My friend Toby grew up in Berkeley and whenever we see each other, we talk about all of the things we might cook together one day. It’s one of those conversations that happens over and over again but the plans never materialize, so at a certain point somebody has to say, “OK, are we doing this or not?” Which is exactly what I said last time that I saw him, pulling out my calendar (or, more accurately, my iPhone with the iCal app), forcing Toby to nail down a date. That date was last Saturday and Toby, showing off his Berkeley roots, promised to make sourdough bread from scratch. To which I replied: “Well, I guess then I’ll make cioppino!”
Here’s Toby with his gorgeous loaf of bread:
You’ll be even more impressed when you learn that Toby got the starter for the bread at The Acme Bread Company which is often acknowledged to make some of the best sourdough in the country. Toby’s bread lived up to the hype; it was on my shoulders to make a soup to match.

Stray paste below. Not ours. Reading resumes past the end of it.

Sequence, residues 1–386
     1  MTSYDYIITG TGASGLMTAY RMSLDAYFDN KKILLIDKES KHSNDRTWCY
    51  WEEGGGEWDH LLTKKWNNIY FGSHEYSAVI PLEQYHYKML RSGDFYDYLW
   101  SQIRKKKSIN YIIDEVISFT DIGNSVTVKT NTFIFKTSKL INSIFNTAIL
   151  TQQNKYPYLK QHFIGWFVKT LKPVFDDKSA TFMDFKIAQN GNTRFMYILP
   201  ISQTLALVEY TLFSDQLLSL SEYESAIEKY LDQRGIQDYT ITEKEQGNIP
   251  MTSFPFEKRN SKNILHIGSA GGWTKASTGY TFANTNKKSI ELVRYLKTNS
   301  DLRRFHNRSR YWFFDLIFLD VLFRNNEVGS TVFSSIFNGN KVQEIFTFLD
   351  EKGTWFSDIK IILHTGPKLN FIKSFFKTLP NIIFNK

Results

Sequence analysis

I scored a recipe from Epicurious, having never made cioppino before. Turns out, it just involves making a flavorful, tomato-based broth and then poaching your seafood in there just enough so that everything is just cooked through.
What made my cioppino great, if I do say so myself, was that I bought the seafood at McCall’s Meat and Fish, which sells real high-quality stuff. In fact, their standards are so high, they weren’t selling any mussels and clams that day because the weather was too hot for the good stuff; so I stuck to scallops, halibut, and white shrimp, which were all beautiful as you can see here. (Don’t yell at me, cioppino purists: I know it’s supposed to have mollusks, but not crappy mollusks!)
As for the base, it had a typical garlic/onion beginning, with the surprising addition of green pepper which definitely added a unique flavor to the affair–might you call it a “grassy flavor”? No, you might not, but I’m trying to describe that flavor in words. It’s sort of what you get with cajun cooking because green peppers are part of the trifecta there. There you go.
And for the rest, it’s tomato paste, red wine, plum tomatoes, clam juice, and chicken broth.
You know you’re winning when you taste the base, after everything’s cooked together for a while, and it tastes real good. If it doesn’t, adjust with salt; because after that, you’re just dropping in your seafood for five minutes and then serving it up.
Look at our happy customers:
The moral of the story is if you have a good loaf of sourdough (preferably made by our friend Toby), there’s only one thing to make and now you know what it is. Cioppino: now and forever.